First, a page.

Distance to health centers can represent a significant healthcare cost for poor households. Community-based health interventions and community health workers can be an alternative to deficient formal health care provision among remote populations. We analyze the effects on fertility outcomes of a large-scale community-based health worker program that aims to reach remote areas distant from health facilities in Madagascar. We use a triple difference model that exploits time and geographic variation in the program rollout and the geocoded household distance to the closest health facility. Our findings indicate that the program decreased the probability of conception among women in treated areas but did not have a differential effect among women living in remote areas. A potential mechanism underlying this fertility reduction is that the program increased women's modern contraceptive use.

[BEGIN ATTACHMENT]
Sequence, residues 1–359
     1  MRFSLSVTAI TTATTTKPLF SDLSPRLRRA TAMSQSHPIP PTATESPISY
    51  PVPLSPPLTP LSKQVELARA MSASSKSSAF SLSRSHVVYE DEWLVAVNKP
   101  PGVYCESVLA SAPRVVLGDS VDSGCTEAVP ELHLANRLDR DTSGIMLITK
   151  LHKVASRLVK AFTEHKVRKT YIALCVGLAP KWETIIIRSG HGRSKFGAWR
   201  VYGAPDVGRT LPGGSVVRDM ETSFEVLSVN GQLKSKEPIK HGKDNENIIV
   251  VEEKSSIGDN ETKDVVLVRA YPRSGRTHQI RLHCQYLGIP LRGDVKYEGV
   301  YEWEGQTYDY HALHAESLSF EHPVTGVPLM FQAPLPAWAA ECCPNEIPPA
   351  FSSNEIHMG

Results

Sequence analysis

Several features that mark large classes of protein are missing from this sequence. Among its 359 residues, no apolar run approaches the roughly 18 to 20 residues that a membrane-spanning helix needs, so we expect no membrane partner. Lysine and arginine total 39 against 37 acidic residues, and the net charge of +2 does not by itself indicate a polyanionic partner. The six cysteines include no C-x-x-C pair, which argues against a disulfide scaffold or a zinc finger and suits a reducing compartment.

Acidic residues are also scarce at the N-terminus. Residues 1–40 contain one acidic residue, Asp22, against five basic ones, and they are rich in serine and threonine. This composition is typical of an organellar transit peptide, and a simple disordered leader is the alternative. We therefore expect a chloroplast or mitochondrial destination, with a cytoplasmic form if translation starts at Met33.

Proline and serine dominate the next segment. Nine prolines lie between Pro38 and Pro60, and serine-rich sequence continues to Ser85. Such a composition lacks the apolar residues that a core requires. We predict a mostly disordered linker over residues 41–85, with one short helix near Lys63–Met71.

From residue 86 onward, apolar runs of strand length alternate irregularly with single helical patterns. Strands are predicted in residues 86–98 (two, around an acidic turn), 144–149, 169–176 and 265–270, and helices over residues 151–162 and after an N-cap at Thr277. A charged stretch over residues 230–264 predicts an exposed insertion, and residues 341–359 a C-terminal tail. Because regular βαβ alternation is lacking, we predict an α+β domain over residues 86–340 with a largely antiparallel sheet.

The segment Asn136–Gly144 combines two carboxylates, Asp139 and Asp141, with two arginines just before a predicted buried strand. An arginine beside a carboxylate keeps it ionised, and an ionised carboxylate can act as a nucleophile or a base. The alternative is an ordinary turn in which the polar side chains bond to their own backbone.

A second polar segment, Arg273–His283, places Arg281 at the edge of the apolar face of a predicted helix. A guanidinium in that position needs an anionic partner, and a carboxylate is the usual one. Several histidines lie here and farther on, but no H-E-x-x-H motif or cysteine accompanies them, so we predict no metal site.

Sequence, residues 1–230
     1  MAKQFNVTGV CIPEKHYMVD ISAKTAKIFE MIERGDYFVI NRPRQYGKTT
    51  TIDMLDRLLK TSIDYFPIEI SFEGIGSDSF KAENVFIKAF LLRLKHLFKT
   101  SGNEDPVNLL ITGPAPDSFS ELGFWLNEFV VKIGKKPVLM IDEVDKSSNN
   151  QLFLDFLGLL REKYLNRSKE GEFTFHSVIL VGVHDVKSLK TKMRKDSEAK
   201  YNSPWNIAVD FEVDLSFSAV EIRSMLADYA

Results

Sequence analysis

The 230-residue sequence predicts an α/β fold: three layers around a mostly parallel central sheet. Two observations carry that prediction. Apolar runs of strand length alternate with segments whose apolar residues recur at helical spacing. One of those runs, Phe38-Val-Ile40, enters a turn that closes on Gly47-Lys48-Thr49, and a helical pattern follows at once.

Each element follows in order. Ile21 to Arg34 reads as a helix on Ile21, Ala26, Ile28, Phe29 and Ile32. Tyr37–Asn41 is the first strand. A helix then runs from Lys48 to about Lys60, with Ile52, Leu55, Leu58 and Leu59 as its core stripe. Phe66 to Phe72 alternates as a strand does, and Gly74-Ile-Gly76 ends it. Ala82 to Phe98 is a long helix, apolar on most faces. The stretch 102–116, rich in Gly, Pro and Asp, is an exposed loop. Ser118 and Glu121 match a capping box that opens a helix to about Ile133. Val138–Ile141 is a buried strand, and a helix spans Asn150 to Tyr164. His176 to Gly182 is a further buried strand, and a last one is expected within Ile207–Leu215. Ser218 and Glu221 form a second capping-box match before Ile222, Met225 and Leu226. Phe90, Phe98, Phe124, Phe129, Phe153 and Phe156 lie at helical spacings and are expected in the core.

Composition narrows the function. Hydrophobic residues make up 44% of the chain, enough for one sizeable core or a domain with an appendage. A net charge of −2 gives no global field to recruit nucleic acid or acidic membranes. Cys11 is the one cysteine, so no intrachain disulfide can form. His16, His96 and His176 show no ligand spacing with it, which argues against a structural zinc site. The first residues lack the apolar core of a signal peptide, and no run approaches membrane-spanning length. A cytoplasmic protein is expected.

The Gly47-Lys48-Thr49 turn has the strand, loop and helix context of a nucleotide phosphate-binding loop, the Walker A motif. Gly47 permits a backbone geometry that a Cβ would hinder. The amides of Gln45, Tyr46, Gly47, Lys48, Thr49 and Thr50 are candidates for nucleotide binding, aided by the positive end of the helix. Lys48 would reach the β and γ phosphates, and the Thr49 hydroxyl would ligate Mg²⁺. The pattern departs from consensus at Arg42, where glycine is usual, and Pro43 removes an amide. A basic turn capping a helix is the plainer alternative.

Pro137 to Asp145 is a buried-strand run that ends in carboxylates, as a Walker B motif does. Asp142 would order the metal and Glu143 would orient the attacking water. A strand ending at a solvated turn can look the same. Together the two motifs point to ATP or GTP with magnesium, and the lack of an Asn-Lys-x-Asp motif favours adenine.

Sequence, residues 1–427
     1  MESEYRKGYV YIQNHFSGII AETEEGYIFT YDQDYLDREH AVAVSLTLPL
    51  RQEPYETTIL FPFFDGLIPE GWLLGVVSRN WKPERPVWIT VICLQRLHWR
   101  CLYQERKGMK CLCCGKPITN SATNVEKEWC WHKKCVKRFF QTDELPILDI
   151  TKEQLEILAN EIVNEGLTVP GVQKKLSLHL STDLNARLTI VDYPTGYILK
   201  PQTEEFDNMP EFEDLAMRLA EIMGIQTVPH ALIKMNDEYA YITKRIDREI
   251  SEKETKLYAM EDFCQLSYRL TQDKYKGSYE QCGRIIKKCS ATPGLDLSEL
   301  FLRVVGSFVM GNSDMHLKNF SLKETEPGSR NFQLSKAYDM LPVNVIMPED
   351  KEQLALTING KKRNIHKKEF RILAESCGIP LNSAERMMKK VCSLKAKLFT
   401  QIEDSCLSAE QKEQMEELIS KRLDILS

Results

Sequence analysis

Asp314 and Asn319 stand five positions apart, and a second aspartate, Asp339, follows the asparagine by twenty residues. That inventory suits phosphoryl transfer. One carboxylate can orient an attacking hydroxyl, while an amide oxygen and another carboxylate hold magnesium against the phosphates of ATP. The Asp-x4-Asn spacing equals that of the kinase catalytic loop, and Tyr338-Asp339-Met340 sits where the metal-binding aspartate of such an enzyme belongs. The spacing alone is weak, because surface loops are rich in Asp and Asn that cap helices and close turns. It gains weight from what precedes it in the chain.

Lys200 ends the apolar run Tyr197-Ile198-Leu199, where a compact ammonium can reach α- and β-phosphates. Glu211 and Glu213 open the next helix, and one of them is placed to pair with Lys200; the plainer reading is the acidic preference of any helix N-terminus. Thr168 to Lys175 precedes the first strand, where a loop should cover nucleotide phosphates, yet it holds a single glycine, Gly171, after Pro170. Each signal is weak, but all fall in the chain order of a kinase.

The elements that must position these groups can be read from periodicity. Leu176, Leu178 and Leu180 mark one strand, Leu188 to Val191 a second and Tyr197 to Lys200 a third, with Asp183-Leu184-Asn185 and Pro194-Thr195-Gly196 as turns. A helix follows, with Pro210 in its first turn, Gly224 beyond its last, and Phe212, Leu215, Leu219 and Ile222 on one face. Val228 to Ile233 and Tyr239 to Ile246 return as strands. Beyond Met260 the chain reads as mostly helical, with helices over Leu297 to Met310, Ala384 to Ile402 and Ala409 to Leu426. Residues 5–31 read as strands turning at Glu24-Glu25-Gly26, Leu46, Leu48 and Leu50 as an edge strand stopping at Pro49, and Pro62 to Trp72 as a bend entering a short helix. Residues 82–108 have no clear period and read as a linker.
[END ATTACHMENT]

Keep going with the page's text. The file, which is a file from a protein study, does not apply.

- Community Health Workers
- Cost of Remoteness
ASJC Scopus subject areas
- Health Policy
- Public Health, Environmental and Occupational Health